If you’re joint tenants you’ll need to decide who moves out. Ask your landlord if they’re happy to rent to the person who plans to stay - if they agree, get this in writing.
Your landlord then needs to end the joint tenancy and start a new one with the person who stays. You’ll both be expected to pay rent until the new tenancy starts.
You can apply for a ‘transfer of tenancy’ if your landlord refuses to change your contract - this is a court order that can change your ex-partner’s tenancy to your name, or remove their name from a joint tenancy.
You need to go to court to transfer a tenancy, so it’s best to try to come to an agreement with your partner first if you can. If you’re getting divorced, you can usually include a transfer of tenancy in your divorce proceedings.
Contact your nearest Citizens Advice if you want to apply for a transfer of tenancy - an adviser can explain the process and help you find a solicitor.
If only one person is named on the contract
Ask your landlord to change the name on the contract if the named person wants to leave. This will only be possible if your tenancy allows something called ‘assignment’ - your landlord can refuse to change the name if it doesn’t.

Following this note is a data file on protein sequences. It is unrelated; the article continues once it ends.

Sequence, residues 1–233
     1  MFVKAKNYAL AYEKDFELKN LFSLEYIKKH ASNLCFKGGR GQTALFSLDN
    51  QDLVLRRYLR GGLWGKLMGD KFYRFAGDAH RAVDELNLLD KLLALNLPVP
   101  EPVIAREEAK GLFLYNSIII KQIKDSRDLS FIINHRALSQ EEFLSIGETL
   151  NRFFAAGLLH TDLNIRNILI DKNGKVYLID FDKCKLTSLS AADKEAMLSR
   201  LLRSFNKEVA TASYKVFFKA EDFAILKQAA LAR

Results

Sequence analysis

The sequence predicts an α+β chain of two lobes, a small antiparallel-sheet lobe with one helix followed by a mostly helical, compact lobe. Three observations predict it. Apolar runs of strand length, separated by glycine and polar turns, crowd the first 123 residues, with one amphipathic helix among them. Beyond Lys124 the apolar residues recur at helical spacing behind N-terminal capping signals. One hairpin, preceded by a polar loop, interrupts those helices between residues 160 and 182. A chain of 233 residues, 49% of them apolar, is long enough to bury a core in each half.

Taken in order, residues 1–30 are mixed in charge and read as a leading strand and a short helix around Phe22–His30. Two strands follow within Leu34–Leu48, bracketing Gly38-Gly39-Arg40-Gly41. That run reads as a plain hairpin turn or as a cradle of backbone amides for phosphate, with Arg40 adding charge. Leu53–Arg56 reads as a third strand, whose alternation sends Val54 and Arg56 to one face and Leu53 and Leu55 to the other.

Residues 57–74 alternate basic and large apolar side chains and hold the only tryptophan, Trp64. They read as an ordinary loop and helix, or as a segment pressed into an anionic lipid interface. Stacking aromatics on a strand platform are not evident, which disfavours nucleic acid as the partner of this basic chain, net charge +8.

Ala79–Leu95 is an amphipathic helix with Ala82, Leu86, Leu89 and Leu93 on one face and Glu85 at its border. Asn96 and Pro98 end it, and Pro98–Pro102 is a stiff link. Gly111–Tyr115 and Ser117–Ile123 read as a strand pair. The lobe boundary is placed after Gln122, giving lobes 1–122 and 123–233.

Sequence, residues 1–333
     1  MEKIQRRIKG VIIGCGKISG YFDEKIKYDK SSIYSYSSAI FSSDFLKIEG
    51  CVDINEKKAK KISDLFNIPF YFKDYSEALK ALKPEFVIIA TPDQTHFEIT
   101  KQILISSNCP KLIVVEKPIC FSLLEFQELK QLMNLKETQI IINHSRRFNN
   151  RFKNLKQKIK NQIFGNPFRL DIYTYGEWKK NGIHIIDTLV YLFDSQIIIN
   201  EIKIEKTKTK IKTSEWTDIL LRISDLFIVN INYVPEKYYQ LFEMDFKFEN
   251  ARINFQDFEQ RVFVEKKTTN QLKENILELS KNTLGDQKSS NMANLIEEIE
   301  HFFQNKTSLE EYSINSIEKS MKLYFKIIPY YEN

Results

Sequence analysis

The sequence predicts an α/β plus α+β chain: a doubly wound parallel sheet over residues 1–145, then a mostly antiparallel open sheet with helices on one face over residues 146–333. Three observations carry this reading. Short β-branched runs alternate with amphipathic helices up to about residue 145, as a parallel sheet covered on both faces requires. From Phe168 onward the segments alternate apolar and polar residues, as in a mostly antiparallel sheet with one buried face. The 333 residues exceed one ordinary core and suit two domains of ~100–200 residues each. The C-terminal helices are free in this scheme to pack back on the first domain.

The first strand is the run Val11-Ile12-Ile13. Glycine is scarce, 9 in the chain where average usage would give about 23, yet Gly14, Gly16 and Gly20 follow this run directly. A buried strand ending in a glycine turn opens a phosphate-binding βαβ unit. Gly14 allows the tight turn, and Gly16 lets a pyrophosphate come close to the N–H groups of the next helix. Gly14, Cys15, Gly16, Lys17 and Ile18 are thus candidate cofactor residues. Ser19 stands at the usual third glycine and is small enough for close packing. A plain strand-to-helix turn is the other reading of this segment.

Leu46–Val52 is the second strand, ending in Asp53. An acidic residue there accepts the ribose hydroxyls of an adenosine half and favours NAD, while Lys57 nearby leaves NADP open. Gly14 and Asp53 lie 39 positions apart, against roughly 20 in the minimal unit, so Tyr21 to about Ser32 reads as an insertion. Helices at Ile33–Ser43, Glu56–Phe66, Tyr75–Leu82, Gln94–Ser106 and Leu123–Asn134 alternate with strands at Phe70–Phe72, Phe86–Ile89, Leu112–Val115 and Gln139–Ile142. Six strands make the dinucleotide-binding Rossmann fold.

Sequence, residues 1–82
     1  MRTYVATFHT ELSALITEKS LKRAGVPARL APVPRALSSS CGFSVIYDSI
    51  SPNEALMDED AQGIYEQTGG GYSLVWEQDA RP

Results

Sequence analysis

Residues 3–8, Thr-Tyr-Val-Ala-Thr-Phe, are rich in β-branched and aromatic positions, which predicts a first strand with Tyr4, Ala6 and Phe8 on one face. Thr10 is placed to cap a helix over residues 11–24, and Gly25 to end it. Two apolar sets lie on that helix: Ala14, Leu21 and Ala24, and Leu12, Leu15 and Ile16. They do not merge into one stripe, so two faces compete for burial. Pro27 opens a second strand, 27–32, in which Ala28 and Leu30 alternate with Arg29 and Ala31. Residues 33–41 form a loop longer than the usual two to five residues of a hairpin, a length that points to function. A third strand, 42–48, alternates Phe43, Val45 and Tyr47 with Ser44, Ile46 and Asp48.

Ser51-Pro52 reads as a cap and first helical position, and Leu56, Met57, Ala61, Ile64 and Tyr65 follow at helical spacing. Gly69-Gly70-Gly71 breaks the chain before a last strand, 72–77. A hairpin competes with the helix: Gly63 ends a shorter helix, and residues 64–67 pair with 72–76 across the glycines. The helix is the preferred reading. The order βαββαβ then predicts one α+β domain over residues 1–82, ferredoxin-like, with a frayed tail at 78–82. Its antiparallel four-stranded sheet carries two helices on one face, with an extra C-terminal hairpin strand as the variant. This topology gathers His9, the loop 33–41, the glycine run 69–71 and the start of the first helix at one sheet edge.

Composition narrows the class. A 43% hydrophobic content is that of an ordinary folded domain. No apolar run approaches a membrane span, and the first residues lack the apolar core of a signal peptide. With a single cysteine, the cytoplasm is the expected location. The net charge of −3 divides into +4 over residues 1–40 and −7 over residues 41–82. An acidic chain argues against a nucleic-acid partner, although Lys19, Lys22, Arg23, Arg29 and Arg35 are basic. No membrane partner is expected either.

Contact your nearest Citizens Advice for help assigning your tenancy, or if you aren’t sure whether it’s allowed.
If you have a rolling tenancy
If you’re joint tenants and you both want to leave, either you or your ex-partner can end the tenancy by giving notice - usually 28 days. You’ll both need to move out.
If one of you plans to stay, it’s usually best to explain this to your landlord or housing association and ask them to update the tenancy agreement.
If you don’t, you’re both still responsible for rent and the person who leaves can still give notice to end the tenancy. If you plan to apply for social housing, your application might also be rejected if you’re still named on another tenancy agreement.
Your landlord might want to end the joint tenancy and start a new one with the person who stays. If you’re staying, think about whether they’re likely to rent to you before you speak to them - for example if you’ve had rent arrears in the past.